Postscript – Nuclear Warfare and the Arts
Following our meeting last month on nuclear weapons (see review here), SELHuG committee member Tony Brewer shares some further thoughts below….
It is sometimes claimed that the Arts can shed light on situations that are otherwise obscure or even totally opaque. One example is Michael Frayn’s play Copenhagen, which David Leal, the speaker at November’s meeting, mentioned when describing the history of nuclear weapons.
The play, which premiered at the National Theatre in 1998, is concerned with a meeting between Niels Bohr and Werner Heisenberg, which we know took place over several days in Copenhagen in 1941. But no one really knows what they talked about.
These two names will be familiar to anyone with a scientific background but may be less familiar to others. Niels Bohr (1885-1962) was a Danish physicist who was awarded the Nobel Prize for Physics in 1922 for his work on elaborating the structure of the atom. Werner Heisenberg (1901-1976) was a German physicist who was awarded the Nobel Prize for Physics in 1932 for his work on Quantum Mechanics. He carried out post-graduate research at Bohr’s Institute of Theoretical Physics in Copenhagen and became Bohr’s personal assistant. During WWII he was principal scientist in the Nazi nuclear weapons programme. He is best known for formulating his Uncertainty Principle, which states that the more that is known about the position of a quantum particle the less that is known about its momentum, and vice versa. (Yes, weird, but imagine being in the Library in New Cross waiting for Hester to arrive from Catford. Perhaps you know that she’s on a bus in Lewisham, even that it’s a 171, and that she’s sitting upstairs on the front seat. But you don’t know whether the bus is moving or caught in a traffic jam or even in which direction it is travelling.)
I saw the play at the NT and I was so intrigued that I immediately booked to see it again. What fascinated me was that the structure of the play seemed to be based on the Uncertainly Principle. The more we discovered about what they did during their meeting the less we seem to know about what they actually discussed and why Heisenberg was there. Was he acting as a German spy trying to find something essential to his weapons programme, or was he a traitor trying to undermine that programme with Bohr’s assistance? Or was he just acting as Bohr’s friend, warning him that the Nazi forces occupying Denmark would accuse him of being a Jew and arrest him? (Bohr subsequently escaped to Sweden and spent the rest of the war in Britain helping with the Allied war effort.) Well worth seeing if you get the chance.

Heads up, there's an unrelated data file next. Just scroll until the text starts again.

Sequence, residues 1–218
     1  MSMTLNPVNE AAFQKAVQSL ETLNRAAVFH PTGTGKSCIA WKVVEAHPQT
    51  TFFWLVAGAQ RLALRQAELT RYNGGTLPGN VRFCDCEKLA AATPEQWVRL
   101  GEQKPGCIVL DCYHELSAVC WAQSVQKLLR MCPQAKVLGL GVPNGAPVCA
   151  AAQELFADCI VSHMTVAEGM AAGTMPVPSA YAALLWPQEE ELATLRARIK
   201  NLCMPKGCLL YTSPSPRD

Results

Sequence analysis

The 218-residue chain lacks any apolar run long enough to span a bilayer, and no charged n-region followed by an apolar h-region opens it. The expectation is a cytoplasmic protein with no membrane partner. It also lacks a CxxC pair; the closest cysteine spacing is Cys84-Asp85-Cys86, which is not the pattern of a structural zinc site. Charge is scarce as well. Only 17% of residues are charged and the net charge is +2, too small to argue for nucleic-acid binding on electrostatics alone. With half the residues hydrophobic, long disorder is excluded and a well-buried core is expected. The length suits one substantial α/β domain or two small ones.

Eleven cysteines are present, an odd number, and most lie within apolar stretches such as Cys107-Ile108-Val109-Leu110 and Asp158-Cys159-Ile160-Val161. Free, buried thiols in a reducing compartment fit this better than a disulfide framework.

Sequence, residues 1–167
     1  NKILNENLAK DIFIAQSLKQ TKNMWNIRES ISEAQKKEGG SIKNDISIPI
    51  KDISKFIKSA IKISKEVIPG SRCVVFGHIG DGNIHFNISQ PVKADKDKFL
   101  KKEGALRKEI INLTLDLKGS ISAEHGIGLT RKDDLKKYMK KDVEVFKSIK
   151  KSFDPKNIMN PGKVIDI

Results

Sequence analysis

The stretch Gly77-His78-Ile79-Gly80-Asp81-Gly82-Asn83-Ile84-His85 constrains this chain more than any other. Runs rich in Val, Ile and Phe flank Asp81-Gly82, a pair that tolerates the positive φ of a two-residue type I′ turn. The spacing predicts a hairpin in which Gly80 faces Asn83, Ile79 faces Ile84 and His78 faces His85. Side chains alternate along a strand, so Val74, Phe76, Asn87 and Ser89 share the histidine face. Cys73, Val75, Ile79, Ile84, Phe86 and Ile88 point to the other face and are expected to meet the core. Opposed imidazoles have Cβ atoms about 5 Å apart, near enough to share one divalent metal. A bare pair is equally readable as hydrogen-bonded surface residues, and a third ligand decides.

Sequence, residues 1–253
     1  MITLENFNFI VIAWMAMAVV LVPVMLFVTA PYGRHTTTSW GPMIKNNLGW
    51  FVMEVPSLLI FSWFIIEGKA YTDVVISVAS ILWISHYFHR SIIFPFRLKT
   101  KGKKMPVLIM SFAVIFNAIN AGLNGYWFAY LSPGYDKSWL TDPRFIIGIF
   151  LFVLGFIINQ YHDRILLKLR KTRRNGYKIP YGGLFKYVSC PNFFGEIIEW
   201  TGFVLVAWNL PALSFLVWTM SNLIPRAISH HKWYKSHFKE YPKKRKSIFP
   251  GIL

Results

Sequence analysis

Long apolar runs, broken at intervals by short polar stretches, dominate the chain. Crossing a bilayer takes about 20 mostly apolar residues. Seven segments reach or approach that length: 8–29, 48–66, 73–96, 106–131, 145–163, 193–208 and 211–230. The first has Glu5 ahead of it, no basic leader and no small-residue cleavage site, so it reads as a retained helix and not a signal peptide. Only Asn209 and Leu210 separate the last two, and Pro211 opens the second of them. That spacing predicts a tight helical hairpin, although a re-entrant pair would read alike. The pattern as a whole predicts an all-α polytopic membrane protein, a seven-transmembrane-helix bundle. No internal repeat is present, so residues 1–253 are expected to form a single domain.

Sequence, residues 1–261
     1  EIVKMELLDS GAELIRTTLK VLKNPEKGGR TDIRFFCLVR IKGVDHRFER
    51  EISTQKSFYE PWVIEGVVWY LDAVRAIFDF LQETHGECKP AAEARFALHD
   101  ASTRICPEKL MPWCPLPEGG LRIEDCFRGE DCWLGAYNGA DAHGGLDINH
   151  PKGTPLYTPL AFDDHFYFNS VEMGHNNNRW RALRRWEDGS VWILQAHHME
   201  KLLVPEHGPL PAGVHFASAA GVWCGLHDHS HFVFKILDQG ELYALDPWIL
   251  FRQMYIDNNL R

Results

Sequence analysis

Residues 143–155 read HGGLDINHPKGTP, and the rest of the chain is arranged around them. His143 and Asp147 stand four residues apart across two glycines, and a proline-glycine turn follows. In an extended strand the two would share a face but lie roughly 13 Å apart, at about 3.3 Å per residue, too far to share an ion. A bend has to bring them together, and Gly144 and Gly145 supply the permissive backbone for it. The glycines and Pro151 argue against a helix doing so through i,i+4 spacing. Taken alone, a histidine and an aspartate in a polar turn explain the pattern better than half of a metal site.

A second example is Dr Atomic, an opera by the contemporary American composer John Adams (b. 1947) with libretto by Peter Sellars (b. 1957). It centres on the moral anxiety and confusion experienced by Robert J Oppenheimer, the head of the Los Alamos Laboratory and leader of the Manhattan Project that developed the first nuclear weapons. Although triumphant when the first bomb was dropped on Hiroshima, Oppenheimer subsequently expressed his revulsion about the bombing of Nagasaki and wrote to President Truman proposing that nuclear weapons should be banned. David Leal suggested that the Manhattan Project was originally conceived as developing a weapon to use against the Nazis and this was strongly supported by the scientists, many of whom were Jewish refugees. But after Germany surrendered they felt that there was no longer any justification for developing nuclear weapons so turned against it.
The action of the opera takes place at Los Alamos a month before the so-called Trinity test of the first bomb and subsequently during the test itself. It is a powerful piece and, like Copenhagen, it reveals much about the personalities and ethics of those most involved with the development of nuclear weapons.
See clip below from the end of Act One, with Oppenheimer quoting/singing Donne’s sonnet ‘Batter My Heart’